An Agency’s Decision to Cancel a Solicitation and Issue a New One Must Be Based on Market Research. How Extensive Must that Research Be?

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After receiving only one proposal, the Navy canceled the solicitation and issued a new one to attract another offeror. The Navy argued it was authorized to cancel the solicitation under FAR 15.206(e). The protester contended the FAR requires a cancellation decision to be supported by market research. Here, the protester argued, the record didn’t contain market research. But the court found that a not a lot of research was required. Only two offerors were capable of performing the Navy’s requirement, but only one of them submitted a proposal. The only question the Navy needed to answer was why one company didn’t submit a proposal. The Navy had properly researched this question by asking the other offeror why it didn’t submit a proposal. Nothing further was required.

BAE Systems Norfolk Ship Repair v. United States, COFC No. 22-1263C

Background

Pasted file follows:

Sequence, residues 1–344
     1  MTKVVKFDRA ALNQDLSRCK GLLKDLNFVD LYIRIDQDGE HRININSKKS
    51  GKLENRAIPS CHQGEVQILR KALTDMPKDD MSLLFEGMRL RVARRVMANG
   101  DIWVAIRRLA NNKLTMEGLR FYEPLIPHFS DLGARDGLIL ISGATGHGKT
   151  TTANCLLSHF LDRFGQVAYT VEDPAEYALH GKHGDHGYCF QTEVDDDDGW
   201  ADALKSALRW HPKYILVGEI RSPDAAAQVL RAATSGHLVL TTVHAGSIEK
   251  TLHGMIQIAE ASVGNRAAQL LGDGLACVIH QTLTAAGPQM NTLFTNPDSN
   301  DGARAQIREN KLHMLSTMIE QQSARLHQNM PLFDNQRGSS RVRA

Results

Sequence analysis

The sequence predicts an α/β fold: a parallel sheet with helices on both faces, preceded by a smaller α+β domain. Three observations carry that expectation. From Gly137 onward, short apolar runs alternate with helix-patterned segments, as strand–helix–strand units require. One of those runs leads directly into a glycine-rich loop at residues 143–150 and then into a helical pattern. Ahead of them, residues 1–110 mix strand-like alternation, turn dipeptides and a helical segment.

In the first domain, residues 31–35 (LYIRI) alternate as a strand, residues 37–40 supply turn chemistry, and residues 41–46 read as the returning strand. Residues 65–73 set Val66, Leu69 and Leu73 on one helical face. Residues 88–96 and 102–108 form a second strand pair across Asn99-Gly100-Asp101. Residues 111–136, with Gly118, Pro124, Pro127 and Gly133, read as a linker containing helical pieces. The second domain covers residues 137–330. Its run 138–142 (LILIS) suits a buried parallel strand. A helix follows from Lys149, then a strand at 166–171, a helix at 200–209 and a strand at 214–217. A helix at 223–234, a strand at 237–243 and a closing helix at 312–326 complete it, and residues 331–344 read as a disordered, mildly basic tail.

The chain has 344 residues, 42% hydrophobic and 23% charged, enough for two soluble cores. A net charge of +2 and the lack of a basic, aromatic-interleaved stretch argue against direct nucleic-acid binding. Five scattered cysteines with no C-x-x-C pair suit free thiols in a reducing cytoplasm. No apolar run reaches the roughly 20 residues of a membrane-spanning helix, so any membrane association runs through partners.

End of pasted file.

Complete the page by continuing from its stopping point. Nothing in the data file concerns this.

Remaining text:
The Navy needed dry-dock maintenance for the USS Bainbridge, a guided-missile destroyer. The Navy issued a sources sought notice to assess the interest of offerors in performing the maintenance. Two companies, BAE Systems Norfolk Ship Repair and General Dynamics NASSCO-Norfolk, indicated interest.

The Navy issued a solicitation. BAE submitted a proposal, but NASSCO did not. The Navy asked NASSCO why it didn’t bid. NASCO noted that the solicitation required that the Bainbridge had to be dry-docked during the first part of its availability. NASSCO only had one dry dock and it would be occupied by another ship during the first part of the Bainbridge’s availability. NASSCO therefore could not dry-dock the Bainbridge in the time period required by the solicitation.

But the Navy wanted more than one bidder for the procurement. So the Navy canceled the initial solicitation and issued a new solicitation that relaxed the dry-docking requirement. BAE filed a protest with the Court of Federal Claims challenging the decision to cancel the initial solicitation and issue a new one with a relaxed requirement.

Analysis

FAR  15.206(e)

The Navy invoked FAR 15.206(e) to justify cancellation. That provision states that if a contracting officer determines, based on market research or otherwise, that solicitation amendment is so extensive it exceeds what prospective offerors could have expected, so that additional sources would have likely submitted offers had they known of the amendment, the contracting officer may cancel the solicitation and issue a new one. BAE contended the Navy had not satisfied a couple of elements of this FAR provision.

Market Research

FAR 15.206(e) requires that a cancellation decision be supported by market research, BAE argued that the administrative record contained no market research to support the decision.